5- \(\displaystyle \sum^{\infty}_{n=1}\frac{\sin(nx)}{n}\)
According to the Diriclet test the series converges so that we have to compute its sum. Using the well known expansion...

$$ \sum_{n=1}^{\infty} \frac{z^{n}}{n} = - \ln (1-z)\ (1)$$

... we arrive to write...

$$\sum _{n=1}^{\infty} \frac{\sin n x}{n} = - \mathcal {Im} \{\ln (1-e^{i x})\} = \tan^{-1} \frac{\sin x}{1-\cos x}\ (2)$$

Kind regards

$\chi$ $\sigma$
 

ZaidAlyafey

Well-known member
MHB Math Helper
Jan 17, 2013
1,667
According to the Diriclet test the series converges so that we have to compute its sum. Using the well known expansion...

$$ \sum_{n=1}^{\infty} \frac{z^{n}}{n} = - \ln (1-z)\ (1)$$

... we arrive to write...

$$\sum _{n=1}^{\infty} \frac{\sin n x}{n} = - \mathcal {Im} \{\ln (1-e^{i x})\} = \tan^{-1} \frac{\sin x}{1-\cos x}\ (2)$$

Kind regards

$\chi$ $\sigma$
Yes, I think also it is solvable by Fourier series .
 

Opalg

MHB Oldtimer
Staff member
Feb 7, 2012
2,681
According to the Diriclet test the series converges so that we have to compute its sum. Using the well known expansion...

$$ \sum_{n=1}^{\infty} \frac{z^{n}}{n} = - \ln (1-z)\ (1)$$

... we arrive to write...

$$\sum _{n=1}^{\infty} \frac{\sin n x}{n} = - \mathcal {Im} \{\ln (1-e^{i x})\} = \tan^{-1} \frac{\sin x}{1-\cos x}\ (2)$$
To take that a bit further, the expression in (2) can be simplified as $$\tan^{-1} \Bigl(\frac{\sin x}{1-\cos x}\Bigr) = \tan^{-1} \biggl(\frac{2\sin\frac x2\cos\frac x2}{2\sin^2\frac x2}\biggr) = \tan^{-1}\bigl(\cot\tfrac x2\bigr) = \tfrac\pi2 - \tfrac x2.$$ Hence $$\sum _{n=1}^{\infty} \frac{\sin n x}{n} = \tfrac12(\pi-x).$$ But that only works provided that $0<x< 2\pi$. At the endpoints of the interval, when $x=0$ or $2\pi$, the sum $\sum _{n=1}^{\infty} \frac{\sin n x}{n}$ is obviously $0$ (since each term vanishes).

As ZaidAlyafey points out, this sum is a Fourier series, namely for the function $\tfrac12(\pi-x)$ over the interval $[0,2\pi].$
 

ZaidAlyafey

Well-known member
MHB Math Helper
Jan 17, 2013
1,667
To take that a bit further, the expression in (2) can be simplified as $$\tan^{-1} \Bigl(\frac{\sin x}{1-\cos x}\Bigr) = \tan^{-1} \biggl(\frac{2\sin\frac x2\cos\frac x2}{2\sin^2\frac x2}\biggr) = \tan^{-1}\bigl(\cot\tfrac x2\bigr) = \tfrac\pi2 - \tfrac x2.$$ Hence $$\sum _{n=1}^{\infty} \frac{\sin n x}{n} = \tfrac12(\pi-x).$$ But that only works provided that $0<x< 2\pi$. At the endpoints of the interval, when $x=0$ or $2\pi$, the sum $\sum _{n=1}^{\infty} \frac{\sin n x}{n}$ is obviously $0$ (since each term vanishes).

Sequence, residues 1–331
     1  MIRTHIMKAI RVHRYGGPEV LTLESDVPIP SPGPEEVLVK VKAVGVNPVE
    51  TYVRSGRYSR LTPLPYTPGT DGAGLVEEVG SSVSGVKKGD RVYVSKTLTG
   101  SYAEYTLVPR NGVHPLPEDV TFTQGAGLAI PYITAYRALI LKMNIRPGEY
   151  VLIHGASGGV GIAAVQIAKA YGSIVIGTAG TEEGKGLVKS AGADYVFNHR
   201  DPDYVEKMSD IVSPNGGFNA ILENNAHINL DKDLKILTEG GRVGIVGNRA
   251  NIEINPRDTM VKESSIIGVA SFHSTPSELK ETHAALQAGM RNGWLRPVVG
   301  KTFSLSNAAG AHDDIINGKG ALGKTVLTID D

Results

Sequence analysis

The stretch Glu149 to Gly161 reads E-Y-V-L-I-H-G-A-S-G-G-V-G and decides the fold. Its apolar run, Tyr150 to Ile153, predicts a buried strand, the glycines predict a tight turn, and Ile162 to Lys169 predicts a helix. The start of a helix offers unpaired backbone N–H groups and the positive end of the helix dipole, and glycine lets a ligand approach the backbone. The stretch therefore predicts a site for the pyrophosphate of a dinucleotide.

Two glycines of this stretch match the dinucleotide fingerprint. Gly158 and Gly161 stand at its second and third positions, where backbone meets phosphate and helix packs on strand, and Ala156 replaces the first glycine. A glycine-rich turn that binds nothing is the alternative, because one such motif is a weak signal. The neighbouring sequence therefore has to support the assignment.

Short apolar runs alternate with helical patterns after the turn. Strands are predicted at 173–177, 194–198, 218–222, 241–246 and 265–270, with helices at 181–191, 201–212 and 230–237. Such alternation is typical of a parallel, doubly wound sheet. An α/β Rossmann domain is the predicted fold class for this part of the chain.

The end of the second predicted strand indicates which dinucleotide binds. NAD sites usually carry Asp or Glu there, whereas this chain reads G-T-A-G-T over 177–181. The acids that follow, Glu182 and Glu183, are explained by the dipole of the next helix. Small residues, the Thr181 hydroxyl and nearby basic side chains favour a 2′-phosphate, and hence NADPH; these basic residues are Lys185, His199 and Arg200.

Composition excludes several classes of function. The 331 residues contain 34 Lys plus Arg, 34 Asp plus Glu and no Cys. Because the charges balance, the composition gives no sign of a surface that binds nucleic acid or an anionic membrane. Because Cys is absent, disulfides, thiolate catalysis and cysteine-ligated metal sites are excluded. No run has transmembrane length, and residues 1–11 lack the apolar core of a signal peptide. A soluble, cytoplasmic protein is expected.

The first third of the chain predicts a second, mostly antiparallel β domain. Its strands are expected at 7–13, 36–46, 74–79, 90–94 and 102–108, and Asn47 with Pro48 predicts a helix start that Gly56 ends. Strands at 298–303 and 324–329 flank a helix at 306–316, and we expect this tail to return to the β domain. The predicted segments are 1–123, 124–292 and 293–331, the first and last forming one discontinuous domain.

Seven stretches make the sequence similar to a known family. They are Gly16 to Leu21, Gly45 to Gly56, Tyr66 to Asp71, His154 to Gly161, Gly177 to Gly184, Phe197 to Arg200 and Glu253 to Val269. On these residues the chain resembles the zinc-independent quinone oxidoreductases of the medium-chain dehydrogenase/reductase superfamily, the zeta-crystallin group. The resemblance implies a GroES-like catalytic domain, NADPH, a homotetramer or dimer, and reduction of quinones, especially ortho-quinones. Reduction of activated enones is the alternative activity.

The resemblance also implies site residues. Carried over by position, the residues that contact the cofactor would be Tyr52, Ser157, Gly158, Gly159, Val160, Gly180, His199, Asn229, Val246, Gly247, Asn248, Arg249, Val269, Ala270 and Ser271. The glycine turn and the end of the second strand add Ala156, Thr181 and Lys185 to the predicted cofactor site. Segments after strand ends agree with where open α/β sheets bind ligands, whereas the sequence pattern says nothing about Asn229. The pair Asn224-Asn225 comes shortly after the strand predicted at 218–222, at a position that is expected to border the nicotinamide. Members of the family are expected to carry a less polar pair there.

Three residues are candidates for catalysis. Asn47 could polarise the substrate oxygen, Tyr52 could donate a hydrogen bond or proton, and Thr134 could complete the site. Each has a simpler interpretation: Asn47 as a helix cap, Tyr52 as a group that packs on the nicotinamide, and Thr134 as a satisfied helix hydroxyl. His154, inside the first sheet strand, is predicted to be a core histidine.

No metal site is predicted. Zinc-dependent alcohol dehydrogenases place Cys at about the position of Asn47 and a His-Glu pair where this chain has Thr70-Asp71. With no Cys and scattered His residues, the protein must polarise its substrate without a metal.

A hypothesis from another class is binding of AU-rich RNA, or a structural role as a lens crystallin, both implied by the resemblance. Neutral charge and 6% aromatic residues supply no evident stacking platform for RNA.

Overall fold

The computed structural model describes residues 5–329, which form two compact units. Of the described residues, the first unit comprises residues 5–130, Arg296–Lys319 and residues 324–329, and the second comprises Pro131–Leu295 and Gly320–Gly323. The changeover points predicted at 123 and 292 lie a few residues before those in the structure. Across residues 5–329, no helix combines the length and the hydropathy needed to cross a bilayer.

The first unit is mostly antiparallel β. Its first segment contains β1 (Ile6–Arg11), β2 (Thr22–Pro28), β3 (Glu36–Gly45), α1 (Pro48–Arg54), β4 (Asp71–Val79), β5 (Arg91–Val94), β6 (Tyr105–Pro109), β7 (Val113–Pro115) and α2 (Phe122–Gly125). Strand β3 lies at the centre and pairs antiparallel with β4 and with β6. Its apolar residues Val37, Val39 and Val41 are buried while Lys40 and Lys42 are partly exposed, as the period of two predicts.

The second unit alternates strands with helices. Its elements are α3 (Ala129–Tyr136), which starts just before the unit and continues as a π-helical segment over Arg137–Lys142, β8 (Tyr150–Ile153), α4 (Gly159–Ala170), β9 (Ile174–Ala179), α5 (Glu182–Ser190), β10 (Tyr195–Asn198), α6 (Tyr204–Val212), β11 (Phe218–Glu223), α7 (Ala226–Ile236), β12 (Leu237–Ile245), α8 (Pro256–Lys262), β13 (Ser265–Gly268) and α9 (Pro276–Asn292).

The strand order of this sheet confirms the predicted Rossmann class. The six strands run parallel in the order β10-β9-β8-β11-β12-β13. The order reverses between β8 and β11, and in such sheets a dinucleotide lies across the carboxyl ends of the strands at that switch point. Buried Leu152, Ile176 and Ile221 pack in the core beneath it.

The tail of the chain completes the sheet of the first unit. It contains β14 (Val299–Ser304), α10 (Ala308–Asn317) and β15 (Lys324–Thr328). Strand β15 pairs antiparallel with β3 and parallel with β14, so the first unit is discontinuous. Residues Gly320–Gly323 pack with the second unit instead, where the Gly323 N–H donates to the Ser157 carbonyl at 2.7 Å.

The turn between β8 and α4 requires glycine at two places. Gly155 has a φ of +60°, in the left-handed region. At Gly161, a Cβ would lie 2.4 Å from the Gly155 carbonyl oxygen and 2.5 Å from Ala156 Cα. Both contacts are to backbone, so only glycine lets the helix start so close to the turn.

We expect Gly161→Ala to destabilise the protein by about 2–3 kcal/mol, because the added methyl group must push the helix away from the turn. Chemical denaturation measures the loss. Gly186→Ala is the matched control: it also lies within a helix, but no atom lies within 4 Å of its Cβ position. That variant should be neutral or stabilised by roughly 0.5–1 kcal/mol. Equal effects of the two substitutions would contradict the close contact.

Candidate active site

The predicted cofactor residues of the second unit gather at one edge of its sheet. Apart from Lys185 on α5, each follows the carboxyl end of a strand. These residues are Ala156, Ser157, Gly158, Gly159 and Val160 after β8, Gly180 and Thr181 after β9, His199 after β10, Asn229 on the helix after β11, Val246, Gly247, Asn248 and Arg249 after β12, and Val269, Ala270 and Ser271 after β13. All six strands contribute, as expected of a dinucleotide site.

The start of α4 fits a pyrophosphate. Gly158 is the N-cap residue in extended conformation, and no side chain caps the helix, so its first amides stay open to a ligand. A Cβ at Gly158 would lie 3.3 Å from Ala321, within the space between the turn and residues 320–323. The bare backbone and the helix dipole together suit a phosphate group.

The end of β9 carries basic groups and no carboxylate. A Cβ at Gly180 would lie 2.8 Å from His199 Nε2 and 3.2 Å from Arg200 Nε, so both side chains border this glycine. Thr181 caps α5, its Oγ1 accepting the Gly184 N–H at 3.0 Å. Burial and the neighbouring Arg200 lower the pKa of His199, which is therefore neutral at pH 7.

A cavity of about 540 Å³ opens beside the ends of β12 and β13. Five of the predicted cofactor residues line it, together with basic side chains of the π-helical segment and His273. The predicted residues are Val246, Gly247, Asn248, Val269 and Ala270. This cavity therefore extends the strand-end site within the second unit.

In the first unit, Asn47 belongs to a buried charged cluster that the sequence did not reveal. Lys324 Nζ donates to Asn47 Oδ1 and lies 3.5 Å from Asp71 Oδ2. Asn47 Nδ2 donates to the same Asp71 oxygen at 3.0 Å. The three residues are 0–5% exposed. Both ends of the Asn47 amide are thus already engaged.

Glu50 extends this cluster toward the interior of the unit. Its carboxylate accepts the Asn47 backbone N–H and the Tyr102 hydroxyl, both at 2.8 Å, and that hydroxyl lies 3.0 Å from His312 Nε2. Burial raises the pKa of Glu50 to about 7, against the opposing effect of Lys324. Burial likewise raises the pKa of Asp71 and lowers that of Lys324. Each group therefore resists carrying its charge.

As ZaidAlyafey points out, this sum is a Fourier series, namely for the function $\tfrac12(\pi-x)$ over the interval $[0,2\pi].$
Since the series converges for all $x$ , there may be a general solution that works for all $x$ , right ?
 

Opalg

MHB Oldtimer
Staff member
Feb 7, 2012
2,681
Since the series converges for all $x$ , there may be a general solution that works for all $x$ , right ?
Yes, it is the $2\pi$-periodic function defined on the interval $[0,2\pi)$ by $f(x) = \begin{cases}0&(x=0),\\ \frac12(\pi-x)&(0<x<2\pi). \end{cases}$ It is an example of what is often called a sawtooth function.
 

ZaidAlyafey

Well-known member
MHB Math Helper
Jan 17, 2013
1,667
6- \(\displaystyle \int^{\infty}_0 \frac{x}{\sqrt{e^x-1}}\, dx\)
 

Random Variable

Well-known member
MHB Math Helper
Jan 31, 2012
253
$\displaystyle \int_{0}^{\infty} \frac{x}{\sqrt{e^{x}-1}} \ dx = \int_{0}^{\infty} \frac{x e^{- \frac{x}{2}}} {\sqrt{1-e^{-x}}} \ dx $

Let $ \displaystyle u = e^{-\frac{x}{2}}$

$ \displaystyle = - 4 \int_{0}^{1} \frac{\ln{u}}{\sqrt{1-u^{2}}} \ du $

Let $v = \arcsin u$

$ \displaystyle = -4 \int^{\frac{\pi}{2}}_{0} \ln (\sin v) \ dv $


I'm sure we've all seen evaluations of that last integral. So I'm just going to argue that it converges.


The only potential issue is at $x=0$.

But $\displaystyle \ln (\sin x) = \ln \Big( \frac{x \sin x}{x} \Big) = \ln(x) + \ln \Big(\frac{\sin x}{x} \Big) $.

So near $x=0$, $ \ln(\sin x)$ behaves like $\ln x$, and thus $\displaystyle \int_{0}^{\frac{\pi}{2}} \ln (\sin x) \ dx $ converges.
 

Random Variable

Well-known member
MHB Math Helper
Jan 31, 2012
253
7- $ \displaystyle \int_{0}^{\infty} \frac{\ln (\tan^{2} x)}{1+x^{2}} \ dx$

8- $ \displaystyle \int_{0}^{\infty} \frac{\sin (\tan x)}{x} \ dx $
 
Last edited:

Prove It

Well-known member
MHB Math Helper
Jan 26, 2012
1,403
I have seen a series like this before. The simple (but unsatisfying) explanation is that it must converge by the alternating series test, which may be extended to such unconventionally oscillating terms.

However, I'm sure there's a more elegant underlying structure if you use some decomposition of Euler's formula. Having suggested it, I will look into it if I have the inclination later.
Why do you consider the Alternating Series test not elegant? I personally find the most simple solution to be the most elegant, because it is the most likely to be understood by others...